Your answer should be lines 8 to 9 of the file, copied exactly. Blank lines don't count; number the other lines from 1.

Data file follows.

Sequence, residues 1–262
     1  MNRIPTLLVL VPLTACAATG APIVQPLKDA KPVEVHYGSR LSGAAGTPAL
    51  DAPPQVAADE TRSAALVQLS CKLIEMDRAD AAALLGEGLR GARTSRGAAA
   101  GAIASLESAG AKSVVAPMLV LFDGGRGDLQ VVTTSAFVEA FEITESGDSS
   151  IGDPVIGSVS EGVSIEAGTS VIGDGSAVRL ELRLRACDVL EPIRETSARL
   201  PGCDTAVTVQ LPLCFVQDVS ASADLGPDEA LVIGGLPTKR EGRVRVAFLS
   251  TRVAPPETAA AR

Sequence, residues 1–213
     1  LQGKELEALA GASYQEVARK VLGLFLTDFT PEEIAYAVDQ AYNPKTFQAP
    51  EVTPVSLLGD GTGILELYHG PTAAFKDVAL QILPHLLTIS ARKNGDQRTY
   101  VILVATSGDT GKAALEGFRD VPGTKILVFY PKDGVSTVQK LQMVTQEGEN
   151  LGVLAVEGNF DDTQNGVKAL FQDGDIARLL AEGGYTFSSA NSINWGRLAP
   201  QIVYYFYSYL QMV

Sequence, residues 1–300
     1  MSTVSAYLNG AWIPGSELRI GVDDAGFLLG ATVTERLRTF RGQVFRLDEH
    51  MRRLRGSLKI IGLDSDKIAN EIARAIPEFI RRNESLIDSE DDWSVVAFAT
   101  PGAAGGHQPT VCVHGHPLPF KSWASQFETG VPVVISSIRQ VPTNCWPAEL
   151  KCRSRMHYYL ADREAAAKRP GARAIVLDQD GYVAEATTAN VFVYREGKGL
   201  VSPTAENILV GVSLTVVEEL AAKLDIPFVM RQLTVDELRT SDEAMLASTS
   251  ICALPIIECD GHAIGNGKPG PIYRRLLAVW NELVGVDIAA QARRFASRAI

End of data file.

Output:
Sequence, residues 1–213
     1  LQGKELEALA GASYQEVARK VLGLFLTDFT PEEIAYAVDQ AYNPKTFQAP